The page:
Paul Waugh is disappointed that there isn't a bit more stuntery when senior Tories go into hiding on the campaign trail, a la the great Oliver Letwin man hunt in 2001.
While this is now a much cherished British General Election tradition, the field does seem excessively crowded this time around. Perhaps David Cameron will announce tomorrow that it is all part of a 'Big Society' gameshow in which the voters get to join Lord Lloyd-Webber to vote one politician out of hiding each week until we have a Hidden Tory Top Trumps winner at the end.
I wonder if the bookmakers are offering odds on who will and won't be seen at the launch of the Tory manifesto.
In order of most missing ....
1. Not-Lord Ashcroft
Not-Lord Ashcroft has not been seen at all, to my knowledge, though he has a very strong interest in the marginals campaign. Does anybody know if the non-dom deputy party chair is in the UK or Belize (to where he billed his 2005 election polling, to avoid VAT)?
2. Jacob Rees-Mogg
The Sunday Times spent most of last week trying to catch a glimpse of the candidate to little avail, and report that the local newspapers have had similar experiences. This not entirely friendly dedicated website sets out why Tory HQ does not seem to want to put the candidate front and centre.
And perhaps Rees-Mogg feels his campaign is adequately and regularly covered in his father's Times columns (and one in the Mail on Monday) reporting on the Somerset political scene and his two children's attempts to get elected.
3. Chris Grayling.
The Shadow Home Secretary is beginning to surface, carefully. If he makes it to the manifesto launch? If so, the www.howlonghaschrisgraylingbeeninhiding.com clock will be able to go back to nought, having reached 9 days now.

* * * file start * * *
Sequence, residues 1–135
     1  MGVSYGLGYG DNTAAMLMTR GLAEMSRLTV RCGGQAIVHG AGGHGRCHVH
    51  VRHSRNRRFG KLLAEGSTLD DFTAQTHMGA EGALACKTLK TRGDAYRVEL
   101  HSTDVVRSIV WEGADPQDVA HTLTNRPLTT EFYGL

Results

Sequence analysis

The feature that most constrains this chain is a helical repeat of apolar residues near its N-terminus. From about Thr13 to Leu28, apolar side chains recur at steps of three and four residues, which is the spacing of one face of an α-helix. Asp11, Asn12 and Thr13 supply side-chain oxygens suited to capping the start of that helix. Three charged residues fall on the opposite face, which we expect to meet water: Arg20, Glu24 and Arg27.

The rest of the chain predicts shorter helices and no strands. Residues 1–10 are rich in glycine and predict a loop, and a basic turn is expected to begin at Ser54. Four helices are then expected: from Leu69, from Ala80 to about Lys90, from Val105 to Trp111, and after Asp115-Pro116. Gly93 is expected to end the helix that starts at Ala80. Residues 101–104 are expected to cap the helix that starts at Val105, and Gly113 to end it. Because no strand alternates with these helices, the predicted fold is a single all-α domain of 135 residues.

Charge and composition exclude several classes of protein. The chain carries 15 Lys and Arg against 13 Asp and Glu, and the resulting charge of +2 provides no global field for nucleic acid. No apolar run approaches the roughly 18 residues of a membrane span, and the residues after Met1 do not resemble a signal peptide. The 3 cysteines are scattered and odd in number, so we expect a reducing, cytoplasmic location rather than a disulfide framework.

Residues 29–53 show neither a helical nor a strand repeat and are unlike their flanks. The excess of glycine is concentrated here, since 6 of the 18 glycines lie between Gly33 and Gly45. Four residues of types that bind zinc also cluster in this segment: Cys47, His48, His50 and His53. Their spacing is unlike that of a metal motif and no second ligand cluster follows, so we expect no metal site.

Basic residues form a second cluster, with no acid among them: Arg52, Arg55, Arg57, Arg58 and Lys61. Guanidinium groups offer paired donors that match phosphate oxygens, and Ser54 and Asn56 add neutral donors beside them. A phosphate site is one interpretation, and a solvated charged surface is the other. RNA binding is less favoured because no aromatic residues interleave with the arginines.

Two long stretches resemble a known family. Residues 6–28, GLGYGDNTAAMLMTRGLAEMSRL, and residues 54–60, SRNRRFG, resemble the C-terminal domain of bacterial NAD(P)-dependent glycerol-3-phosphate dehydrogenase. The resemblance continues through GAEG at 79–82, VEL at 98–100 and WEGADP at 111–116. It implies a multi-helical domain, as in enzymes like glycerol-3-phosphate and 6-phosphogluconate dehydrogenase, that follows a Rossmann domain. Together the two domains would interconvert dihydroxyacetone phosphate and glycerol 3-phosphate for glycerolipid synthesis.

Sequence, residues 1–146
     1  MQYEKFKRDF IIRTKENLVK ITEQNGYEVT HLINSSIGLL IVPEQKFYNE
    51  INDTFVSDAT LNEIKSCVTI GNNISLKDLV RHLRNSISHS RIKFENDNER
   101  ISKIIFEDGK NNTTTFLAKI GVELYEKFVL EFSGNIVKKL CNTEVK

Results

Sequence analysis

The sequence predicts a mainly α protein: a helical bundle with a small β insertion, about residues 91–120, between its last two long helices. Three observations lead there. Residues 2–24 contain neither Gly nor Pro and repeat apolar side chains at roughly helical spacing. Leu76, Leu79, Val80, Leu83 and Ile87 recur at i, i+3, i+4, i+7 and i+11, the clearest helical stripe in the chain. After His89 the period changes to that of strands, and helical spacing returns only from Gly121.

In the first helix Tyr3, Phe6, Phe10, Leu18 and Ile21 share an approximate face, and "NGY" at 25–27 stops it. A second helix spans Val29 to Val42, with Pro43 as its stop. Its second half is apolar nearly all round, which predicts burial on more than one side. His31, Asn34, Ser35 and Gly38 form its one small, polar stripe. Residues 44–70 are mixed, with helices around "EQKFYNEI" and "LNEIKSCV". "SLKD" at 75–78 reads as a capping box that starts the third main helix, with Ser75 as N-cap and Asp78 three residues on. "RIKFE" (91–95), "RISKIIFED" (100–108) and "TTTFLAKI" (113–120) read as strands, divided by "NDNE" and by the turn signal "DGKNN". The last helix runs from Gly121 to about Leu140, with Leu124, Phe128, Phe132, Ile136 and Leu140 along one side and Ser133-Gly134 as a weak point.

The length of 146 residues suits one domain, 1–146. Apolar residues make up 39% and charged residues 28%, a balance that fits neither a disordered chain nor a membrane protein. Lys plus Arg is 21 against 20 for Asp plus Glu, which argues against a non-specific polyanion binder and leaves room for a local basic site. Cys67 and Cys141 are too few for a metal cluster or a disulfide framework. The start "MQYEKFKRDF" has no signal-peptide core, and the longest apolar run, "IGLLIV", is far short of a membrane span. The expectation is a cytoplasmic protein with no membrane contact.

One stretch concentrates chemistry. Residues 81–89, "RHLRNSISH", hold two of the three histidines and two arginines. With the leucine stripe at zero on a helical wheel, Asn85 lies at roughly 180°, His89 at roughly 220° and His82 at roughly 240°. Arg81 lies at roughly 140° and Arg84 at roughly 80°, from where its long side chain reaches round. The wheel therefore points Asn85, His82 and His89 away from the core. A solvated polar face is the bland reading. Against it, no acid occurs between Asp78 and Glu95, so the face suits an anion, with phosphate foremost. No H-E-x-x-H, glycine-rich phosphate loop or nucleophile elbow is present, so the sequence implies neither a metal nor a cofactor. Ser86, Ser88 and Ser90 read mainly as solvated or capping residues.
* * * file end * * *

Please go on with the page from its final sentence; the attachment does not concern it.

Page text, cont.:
He has just about given an interview to the Wife in the North blog, which demonstrated that his media minders nor the candidate are feeling very relaxed. Bizarrely, the wish to avoid at all costs any further potential gaffe teritory may mean he can not answer any question: he seemed to consistently duck the not exactly earth-shattering opportunity to say that he did not think the Pope should be arrested when he visits Britain.
UPDATE: 4. Alan Duncan
Sorry, I completely forgot about Alan "rations" Duncan. So has everyone else.
. Now 5. George Osborne.
The Shadow Chancellor has been focusing more on election strategy than getting out in the media frontline. But he did do a world at one interview with Alastair Darling, and those who backed him in the 2010 Tory invisibility stakes may be rueing the size of the field he now faces.
So is that just about everybody? Or have some missing Tories managed to cleverly stay off the missing list radar too?